A teenage girl who came to the Hadassah University Medical Center for help when she did not go through puberty, led to the discovery of a gene that plays a major role in ovarian development. The three-year investigation was conducted by a joint team from Hadassah and Shaare Zedek Medical Center, led by Dr. David Zangen, head of Hadassah's Pediatric Endocrinology Unit, and Prof. Ephrat Levy-Lahad, head of the Medical Genetics Institute at Shaare Zedek.
The study results, published in the October issue of the American Journal of Human Genetics, highlighted the discovery's important contribution to existing knowledge of genes that affect sexual development and the ovulation process.
A preliminary examination of the teenager and family members three years ago revealed that she did have the female chromosome structure, yet she and many of her female relatives suffered from the same condition. In an attempt to locate the defective gene causing the abnormality, researchers conducted a detailed analysis of the girl's DNA and a full genetic mapping of two of her family members. The test results pinpointed a mutation found only in the specific gene.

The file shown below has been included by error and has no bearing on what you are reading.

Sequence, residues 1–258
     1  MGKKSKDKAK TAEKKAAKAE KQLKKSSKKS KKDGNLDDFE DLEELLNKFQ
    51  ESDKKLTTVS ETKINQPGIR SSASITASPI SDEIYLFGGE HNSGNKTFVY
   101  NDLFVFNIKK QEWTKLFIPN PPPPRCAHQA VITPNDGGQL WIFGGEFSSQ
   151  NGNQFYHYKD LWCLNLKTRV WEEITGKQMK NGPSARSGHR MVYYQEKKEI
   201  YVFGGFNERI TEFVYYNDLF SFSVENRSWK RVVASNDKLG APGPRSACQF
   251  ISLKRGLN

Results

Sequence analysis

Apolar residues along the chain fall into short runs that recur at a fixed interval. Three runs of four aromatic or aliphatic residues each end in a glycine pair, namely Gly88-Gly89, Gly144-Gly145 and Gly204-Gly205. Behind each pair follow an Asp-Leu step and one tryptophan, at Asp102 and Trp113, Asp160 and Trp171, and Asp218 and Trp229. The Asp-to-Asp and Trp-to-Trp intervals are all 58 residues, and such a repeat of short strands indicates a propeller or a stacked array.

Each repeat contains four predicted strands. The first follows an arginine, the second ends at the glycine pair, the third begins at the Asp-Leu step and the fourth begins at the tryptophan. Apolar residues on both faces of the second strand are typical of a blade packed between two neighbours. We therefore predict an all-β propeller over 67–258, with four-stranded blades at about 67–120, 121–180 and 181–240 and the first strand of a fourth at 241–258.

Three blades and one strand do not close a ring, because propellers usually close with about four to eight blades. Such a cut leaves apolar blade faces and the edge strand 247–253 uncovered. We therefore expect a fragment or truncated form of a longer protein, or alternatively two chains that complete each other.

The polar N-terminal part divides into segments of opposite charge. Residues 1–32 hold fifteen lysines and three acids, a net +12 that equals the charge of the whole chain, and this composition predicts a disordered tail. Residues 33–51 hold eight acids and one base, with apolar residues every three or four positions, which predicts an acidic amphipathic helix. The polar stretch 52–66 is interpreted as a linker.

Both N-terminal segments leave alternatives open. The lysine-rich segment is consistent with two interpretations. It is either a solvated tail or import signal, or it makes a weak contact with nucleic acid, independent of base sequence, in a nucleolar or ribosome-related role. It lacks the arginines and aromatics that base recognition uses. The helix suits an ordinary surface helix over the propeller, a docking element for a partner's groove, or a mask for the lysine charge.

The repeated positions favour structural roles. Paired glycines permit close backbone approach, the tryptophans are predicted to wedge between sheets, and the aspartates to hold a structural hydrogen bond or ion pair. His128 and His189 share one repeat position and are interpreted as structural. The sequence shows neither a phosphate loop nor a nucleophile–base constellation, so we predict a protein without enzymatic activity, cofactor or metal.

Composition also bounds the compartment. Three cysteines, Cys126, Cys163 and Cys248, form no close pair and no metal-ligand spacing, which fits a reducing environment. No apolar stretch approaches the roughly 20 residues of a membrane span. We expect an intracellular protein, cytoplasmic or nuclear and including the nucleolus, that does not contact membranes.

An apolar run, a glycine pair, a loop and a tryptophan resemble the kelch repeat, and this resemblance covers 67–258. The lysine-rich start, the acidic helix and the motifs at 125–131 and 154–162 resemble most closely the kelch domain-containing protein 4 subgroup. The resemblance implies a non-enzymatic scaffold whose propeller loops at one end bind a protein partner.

"When this gene is defective, the estrogen activity is affected," Dr. Zangen says. He further explains: "Estrogen is pivotal in female sexual development; any irregularities in the production of the hormone can harm the development of the ovaries. Identifying this gene and this mutation is especially significant as there is currently relatively little understanding of the genes responsible for ovarian development, compared to what we know about testicular development."
Prof. Levy-Lahad notes that the discovery "may have important implications for women whose ovaries do not develop and those with early ovarian failure, which leads to infertility in woman in their 30's." While the specific mutation probably doesn't harm men's fertility, she adds, "the gene is also responsible for sperm cell division, and different mutations in that gene could affect male fertility."
The researchers are now zeroing in on the function of this gene in men as well as other genes that inhibit ovarian development.